The Logitech G Pro keyboard's build quality is good. The board feels very sturdy thanks to its solid plastic frame. While the keycaps are ABS, they feel decent and not as cheap as other keyboards we've tested. Unfortunately, the legends on the keycaps are only legible when the backlighting is on.
Ergonomics are good. It has two different incline settings, which are around 4 and 8 degrees according to the markings on the feet. However, this keyboard doesn't have a wrist rest like the Logitech G613.
The Logitech G Pro keyboard's backlighting is superb. All keys are individually RGB back-lit and the lighting is very visible, even in bright daylight. There isn't much light bleed on the side of the keycaps, and pretty much only the legends are lit up. However, you can see the outline of some of the switches' stems through the legends, which makes the lighting a bit inconsistent on some keys. The most noticeable example is on the 'W' key, although you can't see it in the picture. Take a look at the bottom of the 'E' key and imagine that line in the middle of the 'W' key.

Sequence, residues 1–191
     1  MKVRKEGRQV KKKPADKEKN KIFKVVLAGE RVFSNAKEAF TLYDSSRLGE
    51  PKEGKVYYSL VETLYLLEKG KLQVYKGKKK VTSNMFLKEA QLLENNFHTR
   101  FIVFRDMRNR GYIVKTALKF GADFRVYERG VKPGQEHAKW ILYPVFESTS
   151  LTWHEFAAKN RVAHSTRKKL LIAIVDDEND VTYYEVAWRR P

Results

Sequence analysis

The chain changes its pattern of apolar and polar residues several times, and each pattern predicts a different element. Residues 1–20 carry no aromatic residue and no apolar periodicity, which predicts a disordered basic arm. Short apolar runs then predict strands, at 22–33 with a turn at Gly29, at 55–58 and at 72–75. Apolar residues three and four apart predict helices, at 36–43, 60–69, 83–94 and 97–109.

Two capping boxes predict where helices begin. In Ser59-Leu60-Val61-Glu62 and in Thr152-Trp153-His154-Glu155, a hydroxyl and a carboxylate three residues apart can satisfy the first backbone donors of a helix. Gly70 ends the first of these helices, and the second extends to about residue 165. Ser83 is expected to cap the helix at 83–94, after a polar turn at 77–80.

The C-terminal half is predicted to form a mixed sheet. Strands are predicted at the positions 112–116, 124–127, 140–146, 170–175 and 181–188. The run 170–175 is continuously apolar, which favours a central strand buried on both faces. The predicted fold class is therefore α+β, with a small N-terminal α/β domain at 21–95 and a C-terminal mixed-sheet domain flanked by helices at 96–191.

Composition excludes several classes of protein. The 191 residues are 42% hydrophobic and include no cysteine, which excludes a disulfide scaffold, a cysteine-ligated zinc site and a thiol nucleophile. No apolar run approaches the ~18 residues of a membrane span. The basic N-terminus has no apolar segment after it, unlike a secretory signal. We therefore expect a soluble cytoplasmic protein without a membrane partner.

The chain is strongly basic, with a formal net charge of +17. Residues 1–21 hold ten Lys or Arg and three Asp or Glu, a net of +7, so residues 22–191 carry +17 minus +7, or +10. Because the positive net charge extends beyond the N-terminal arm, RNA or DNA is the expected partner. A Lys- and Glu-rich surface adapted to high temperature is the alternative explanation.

The Logitech G Pro keyboard's cable is detachable. It also has a proprietary design, but you should be able to replace it with any type of micro-USB cable.
The Logitech G Pro keyboard is wired-only and can't be used wirelessly.
The hotkeys for the media keys are on the F9-F12 keys. You have programmable keys from F1 to F12, and you can even set a G-Shift command to add a second layer to those. You can either set the G-shift command on the keyboard or on a compatible Logitech mouse, which is nice. It also has an on/off button for the backlight, and you can enable a Game Mode, which prevents you from minimizing your game by accidentally pressing on the Windows keys.